Don't Let Heavy Machinery Weigh You Down

First came the whiskers, followed by a furry little face that didn't look very threatening. But now, investors are being whipped by a destructive tail.

Yes, Fools, the cat is now fully out of the bag. Global industry simply fell off a cliff sometime last fall, and the more plant closures and layoffs we see, the more this once-bagged cat resembles a rabid, ferocious lion. After Terex (NYSE: TEX  ) became the latest heavy-equipment manufacturer to reduce guidance this week, the time is ripe to reassess the landscape for these machinery makers.

Back in September 2008, before the feline had extended its claws, Terex reduced 2008 earnings guidance to less than $6.65 per share and watched investors crush the stock. This week, Terex reduced guidance yet again, this time to a range of $5.40 to $5.45 per share, but the shares traded resiliently in the aftermath. The difference, I believe, is all about sentiment, which suggests that markets have already priced in a barrage of earnings disappointments. With a final growl, Terex even warned of a potential $600 million impairment charge relating to tumbling asset valuations, and still, shares refused to head lower.

Elsewhere in the sector, investors are licking their wounds after Caterpillar (NYSE: CAT  ) dumped dismal earnings and deep labor cuts upon them. CNH Global (NYSE: CNH  ) set the mood by forecasting huge sales declines and announcing plant closures to work through burgeoning inventories. Manitowoc (NYSE: MTW  ) posted a fourth-quarter loss last week despite some one-time gains from the divestiture of its marine segment. Meanwhile, mining-equipment specialist Joy Global (Nasdaq: JOYG  ) notably bucked the trend, with a 68% increase in net earnings for the fiscal fourth quarter and a still-expanding backlog of equipment orders.

As we await earnings from both Bucyrus (Nasdaq: BUCY  ) and Deere (NYSE: DE  ) in mid-February, Fools with an interest in the sector have time to review balance sheets and operational outlooks. With stimulus packages under consideration around the world, and indications that some portion of demand disruption is related to credit and liquidity issues, I believe several of these companies will find themselves on the road to recovery by 2010. Now that the cat is out of the bag with respect to a massive global recession and the frightful derailment of the worldwide industrial machine, I believe that a recovery process can soon begin for the heavy industrials with the lightest debt burdens.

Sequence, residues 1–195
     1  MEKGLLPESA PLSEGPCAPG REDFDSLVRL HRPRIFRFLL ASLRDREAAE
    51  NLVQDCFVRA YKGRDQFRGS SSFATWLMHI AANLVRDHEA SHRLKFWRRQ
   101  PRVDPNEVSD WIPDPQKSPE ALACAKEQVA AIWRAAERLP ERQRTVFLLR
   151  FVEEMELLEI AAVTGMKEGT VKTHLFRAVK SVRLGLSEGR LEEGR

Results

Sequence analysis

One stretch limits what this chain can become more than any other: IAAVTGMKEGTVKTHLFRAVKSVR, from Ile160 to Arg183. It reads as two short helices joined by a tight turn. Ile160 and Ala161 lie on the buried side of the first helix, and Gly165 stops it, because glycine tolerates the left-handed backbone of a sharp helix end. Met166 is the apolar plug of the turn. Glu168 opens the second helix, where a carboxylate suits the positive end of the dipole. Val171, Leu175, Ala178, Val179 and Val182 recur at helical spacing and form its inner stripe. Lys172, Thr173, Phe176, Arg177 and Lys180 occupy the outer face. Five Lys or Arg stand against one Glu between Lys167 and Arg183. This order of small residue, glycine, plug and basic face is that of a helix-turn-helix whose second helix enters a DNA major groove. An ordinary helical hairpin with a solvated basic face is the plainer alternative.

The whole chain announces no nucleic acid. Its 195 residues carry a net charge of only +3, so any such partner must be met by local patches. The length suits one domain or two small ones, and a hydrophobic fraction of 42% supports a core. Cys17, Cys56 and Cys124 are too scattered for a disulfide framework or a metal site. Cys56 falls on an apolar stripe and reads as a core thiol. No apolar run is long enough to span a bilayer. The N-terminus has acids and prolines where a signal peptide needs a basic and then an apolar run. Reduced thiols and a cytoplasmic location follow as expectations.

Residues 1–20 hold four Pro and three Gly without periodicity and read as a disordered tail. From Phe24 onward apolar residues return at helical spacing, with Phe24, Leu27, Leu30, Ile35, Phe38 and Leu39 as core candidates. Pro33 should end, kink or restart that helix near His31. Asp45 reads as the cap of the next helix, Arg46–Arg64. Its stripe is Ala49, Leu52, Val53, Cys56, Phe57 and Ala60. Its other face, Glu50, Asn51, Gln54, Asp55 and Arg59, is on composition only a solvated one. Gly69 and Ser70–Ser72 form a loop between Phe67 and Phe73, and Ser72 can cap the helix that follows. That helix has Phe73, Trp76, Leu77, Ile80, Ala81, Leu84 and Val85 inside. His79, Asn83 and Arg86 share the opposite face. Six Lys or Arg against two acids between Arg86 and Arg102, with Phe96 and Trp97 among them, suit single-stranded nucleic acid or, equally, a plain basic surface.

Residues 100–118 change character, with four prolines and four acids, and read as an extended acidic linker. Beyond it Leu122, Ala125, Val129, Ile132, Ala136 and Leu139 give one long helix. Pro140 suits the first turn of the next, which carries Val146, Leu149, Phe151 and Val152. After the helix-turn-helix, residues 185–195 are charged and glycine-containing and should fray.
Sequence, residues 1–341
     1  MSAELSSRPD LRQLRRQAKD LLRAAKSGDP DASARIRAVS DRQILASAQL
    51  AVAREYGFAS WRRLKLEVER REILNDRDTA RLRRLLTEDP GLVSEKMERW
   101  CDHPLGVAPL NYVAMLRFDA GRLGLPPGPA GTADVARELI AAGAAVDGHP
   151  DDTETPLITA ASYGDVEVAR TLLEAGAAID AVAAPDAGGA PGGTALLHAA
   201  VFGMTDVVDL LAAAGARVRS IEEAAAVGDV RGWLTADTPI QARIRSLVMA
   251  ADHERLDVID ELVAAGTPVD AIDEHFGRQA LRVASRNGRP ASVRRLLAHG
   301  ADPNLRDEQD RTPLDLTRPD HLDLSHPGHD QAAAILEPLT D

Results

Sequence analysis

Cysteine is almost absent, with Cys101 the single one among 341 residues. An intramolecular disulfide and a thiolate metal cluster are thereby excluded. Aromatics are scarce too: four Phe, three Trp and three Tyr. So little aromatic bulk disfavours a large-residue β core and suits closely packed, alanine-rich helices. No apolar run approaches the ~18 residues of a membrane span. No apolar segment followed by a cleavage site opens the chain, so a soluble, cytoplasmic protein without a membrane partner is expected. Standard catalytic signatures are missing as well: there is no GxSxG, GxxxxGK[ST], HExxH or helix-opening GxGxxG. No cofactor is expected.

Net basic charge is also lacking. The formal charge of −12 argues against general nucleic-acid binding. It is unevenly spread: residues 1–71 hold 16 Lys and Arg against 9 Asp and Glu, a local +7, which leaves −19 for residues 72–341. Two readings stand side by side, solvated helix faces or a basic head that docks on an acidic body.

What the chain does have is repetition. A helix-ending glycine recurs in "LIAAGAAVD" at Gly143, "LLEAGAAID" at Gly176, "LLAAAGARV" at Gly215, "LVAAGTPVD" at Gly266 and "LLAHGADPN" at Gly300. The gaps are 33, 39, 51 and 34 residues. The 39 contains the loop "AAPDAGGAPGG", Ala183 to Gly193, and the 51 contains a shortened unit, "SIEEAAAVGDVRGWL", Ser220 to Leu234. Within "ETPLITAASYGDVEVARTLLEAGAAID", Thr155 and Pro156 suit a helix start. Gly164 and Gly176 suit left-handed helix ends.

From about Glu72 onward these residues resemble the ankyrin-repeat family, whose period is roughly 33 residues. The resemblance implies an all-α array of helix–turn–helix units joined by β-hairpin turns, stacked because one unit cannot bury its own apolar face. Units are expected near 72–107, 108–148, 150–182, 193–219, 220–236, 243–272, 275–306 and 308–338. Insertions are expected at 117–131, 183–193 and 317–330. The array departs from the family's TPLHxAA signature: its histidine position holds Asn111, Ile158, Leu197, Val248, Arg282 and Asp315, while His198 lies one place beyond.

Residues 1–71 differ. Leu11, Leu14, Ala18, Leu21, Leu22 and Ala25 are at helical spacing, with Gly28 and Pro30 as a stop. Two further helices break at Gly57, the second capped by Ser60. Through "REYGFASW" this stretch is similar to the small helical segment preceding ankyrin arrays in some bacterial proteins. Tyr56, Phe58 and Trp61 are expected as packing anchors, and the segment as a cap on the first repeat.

Further Foolishness:

Members of the Motley Fool CAPS community have awarded Terex with the highest possible rating of five stars, with nearly 1,300 members expecting the company to outperform the S&P 500. CAPS members are eager to know your thoughts on this company and on your favorite picks, so join the free community today.

Fool contributor Christopher Barker hasn't seen to many crane-filled skylines lately. He can be found blogging actively and acting Foolishly within the CAPS community under the username TMFSinchiruna. He owns no shares in the companies mentioned. The Fool owns shares of Terex. The Fool has a grown-up, high-capacity disclosure policy that played with toy tractors in the sandbox when it was but a wee lad.


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  • Report this Comment On February 04, 2009, at 7:44 PM, tradecorrectly wrote:

    "these companies will find themselves on the road to recovery by 2010"...

    That means they are NOT on the road to recovery NOW!

    Why bother to buy now when you can buy cheaper next quarter or the other next quarter nearer to 2010? Dow is sinking below 8000, man.

  • Report this Comment On February 04, 2009, at 8:21 PM, XMFSinchiruna wrote:

    I agree the DOW is likely heading lower, and there is certainly potential for industrial stocks to head lower for any number of reasons, including passage of a stimulus bill in the U.S. that resembles the House versions 5% allocation to infrastructure. I'm not trying to call a bottom here, nor urging Fools to rush into these stocks. All I'm saying is keep an eye on them, keep research ongoing, because this is a promising sector long-term and I do believe a recovery will initiate before long.

    I will be looking more closely at balance sheets, etc. with subsequent articles.

  • Report this Comment On February 05, 2009, at 8:44 AM, SteveTheInvestor wrote:

    I get what you are saying, but must also add that I think a 2010 recovery is quite unlikely. Frankly, I'm preparing for a five to ten year recession / depression. If it doesn't come to pass, then yeah! But I'm done betting on economically sensitive stocks for now.

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